The Whispering Wall is located 9 km south-west of Lyndoch via Pimpala Road and is a genuine acoustic miracle. The curved retaining wall of the Barossa Reservoir, which is about 140 metres long, has acoustics that allow a person on one side of the wall to speak in a normal voice and a person at the other side of the wall can hear them clearly. The SA Memory explains: "The Barossa Reservoir's 'Whispering Wall' dams the Yattie Creek Gorge near Williamstown in the Barossa Valley to the north of Adelaide. The water supply comes through a tunnel from the South Para River. The dam is known as the Whispering Wall for the way in which it carries sound from one side of the Wall to the other. As the Wall is one part of a perfect circle, the sound waves bounce in a series of straight lines to the other side. The dam was designed by the Irish-born engineer Alexander Moncrieff and attracted worldwide attention at the time of its construction, as the idea of a tall but thin concrete structure curved against the pressure of the water was quite radical. The dam is more than 10 metres thick at the base and tapers to a narrow walkway at the top. It is constructed of primarily from concrete and 'plums' - quartz boulders blasted from the sides of the gorge. Old tram tracks were added for extra strength near the top. Construction of the dam began in 1899 and was completed in 1903. About 400 workers and their families set up camp near the building site at the height of construction." For more detailed information check out http://www.samemory.sa.gov.au/site/page.cfm?u=283.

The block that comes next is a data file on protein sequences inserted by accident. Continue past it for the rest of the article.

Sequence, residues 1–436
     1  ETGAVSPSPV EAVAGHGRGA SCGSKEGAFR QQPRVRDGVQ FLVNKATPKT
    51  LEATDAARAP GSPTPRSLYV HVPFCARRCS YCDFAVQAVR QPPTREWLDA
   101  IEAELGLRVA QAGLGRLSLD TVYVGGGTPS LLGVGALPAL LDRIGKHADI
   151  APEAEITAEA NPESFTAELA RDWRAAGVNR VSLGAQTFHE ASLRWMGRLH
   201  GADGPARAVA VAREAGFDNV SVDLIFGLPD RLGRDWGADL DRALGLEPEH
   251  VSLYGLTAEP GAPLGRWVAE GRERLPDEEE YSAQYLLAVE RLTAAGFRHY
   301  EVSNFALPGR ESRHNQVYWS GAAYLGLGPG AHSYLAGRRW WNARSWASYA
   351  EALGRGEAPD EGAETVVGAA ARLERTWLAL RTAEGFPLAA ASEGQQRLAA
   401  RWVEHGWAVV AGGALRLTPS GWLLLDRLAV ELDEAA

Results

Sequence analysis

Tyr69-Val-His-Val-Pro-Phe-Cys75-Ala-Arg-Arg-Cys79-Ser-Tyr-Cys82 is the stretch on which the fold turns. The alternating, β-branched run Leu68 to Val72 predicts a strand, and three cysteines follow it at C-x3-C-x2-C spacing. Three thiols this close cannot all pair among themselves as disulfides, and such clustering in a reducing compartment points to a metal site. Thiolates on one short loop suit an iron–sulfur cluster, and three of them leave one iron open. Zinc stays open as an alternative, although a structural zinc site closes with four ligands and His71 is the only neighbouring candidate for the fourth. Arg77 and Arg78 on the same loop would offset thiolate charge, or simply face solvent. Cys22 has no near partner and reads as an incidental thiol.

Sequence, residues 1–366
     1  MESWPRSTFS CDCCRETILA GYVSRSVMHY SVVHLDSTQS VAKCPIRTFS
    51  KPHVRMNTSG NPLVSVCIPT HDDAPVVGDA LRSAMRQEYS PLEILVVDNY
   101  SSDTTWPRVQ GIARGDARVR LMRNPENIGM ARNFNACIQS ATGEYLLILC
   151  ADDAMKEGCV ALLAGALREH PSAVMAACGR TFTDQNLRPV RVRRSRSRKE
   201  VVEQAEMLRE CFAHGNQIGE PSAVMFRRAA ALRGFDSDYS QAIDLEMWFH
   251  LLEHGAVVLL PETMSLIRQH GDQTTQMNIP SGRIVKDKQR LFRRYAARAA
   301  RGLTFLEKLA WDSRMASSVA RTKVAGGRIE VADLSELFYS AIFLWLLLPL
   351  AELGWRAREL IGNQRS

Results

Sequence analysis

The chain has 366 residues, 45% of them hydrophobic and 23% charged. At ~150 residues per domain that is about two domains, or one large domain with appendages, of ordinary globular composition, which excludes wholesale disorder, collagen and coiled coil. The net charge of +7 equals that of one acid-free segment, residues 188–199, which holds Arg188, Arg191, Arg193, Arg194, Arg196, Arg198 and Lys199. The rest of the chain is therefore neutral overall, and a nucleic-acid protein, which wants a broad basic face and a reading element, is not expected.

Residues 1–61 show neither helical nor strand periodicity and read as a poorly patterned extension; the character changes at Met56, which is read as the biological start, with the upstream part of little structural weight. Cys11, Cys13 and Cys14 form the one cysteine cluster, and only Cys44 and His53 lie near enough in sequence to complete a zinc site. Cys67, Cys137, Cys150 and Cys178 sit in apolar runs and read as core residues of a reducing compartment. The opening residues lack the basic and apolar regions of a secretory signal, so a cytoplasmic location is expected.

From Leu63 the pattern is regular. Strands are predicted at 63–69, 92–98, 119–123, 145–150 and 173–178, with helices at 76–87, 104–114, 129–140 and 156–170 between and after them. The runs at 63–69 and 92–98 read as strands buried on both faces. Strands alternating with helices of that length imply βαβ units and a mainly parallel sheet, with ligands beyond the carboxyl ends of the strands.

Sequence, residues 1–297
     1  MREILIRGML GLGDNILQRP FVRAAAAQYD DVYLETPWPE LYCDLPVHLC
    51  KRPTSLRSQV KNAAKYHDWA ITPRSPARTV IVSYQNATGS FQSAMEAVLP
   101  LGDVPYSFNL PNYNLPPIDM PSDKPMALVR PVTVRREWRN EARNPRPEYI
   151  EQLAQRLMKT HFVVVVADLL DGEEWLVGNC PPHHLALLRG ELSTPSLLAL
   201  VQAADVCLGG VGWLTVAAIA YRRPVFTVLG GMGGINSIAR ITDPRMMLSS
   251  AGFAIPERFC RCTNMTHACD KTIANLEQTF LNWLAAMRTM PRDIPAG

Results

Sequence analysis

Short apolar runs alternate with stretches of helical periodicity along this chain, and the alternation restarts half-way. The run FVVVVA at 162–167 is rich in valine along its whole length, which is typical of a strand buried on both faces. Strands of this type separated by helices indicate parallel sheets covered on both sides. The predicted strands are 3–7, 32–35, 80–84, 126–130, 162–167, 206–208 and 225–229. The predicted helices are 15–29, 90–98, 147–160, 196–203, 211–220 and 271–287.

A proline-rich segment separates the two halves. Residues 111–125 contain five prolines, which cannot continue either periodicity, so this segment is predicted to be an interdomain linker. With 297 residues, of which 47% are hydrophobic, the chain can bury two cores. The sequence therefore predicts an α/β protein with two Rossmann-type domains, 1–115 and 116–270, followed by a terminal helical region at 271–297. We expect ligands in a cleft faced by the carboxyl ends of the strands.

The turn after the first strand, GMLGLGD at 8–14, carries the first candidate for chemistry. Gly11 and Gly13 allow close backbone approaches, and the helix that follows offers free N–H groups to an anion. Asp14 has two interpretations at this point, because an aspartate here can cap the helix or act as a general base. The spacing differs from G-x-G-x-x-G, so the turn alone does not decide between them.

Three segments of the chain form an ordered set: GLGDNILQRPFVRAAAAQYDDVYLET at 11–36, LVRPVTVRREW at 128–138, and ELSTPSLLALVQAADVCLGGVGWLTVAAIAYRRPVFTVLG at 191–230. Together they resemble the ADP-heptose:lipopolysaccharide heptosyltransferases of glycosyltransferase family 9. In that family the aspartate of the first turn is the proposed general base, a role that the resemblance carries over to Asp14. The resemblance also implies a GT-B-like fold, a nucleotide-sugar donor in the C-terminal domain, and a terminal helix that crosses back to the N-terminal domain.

Wineries in the Area
In areas like the Lyndoch district, where there are a number of cellar doors, it is best to refer to the specific knowledge of the wine experts. The Barossa Australia website, an excellent site (check out https://www.barossa.com/wine/wineries-search?keywords=&location=Lyndoch&custom-categories=&facilities=) has extensive information about the wineries in the region. It provides maps to each of the wineries and a hot link to their specific websites. There is also a useful Iconic Winery Trail with recommendations and information which can be accessed at http://www.daytrippa.com.au/barossa-valley/full-guide/daytrip/4073.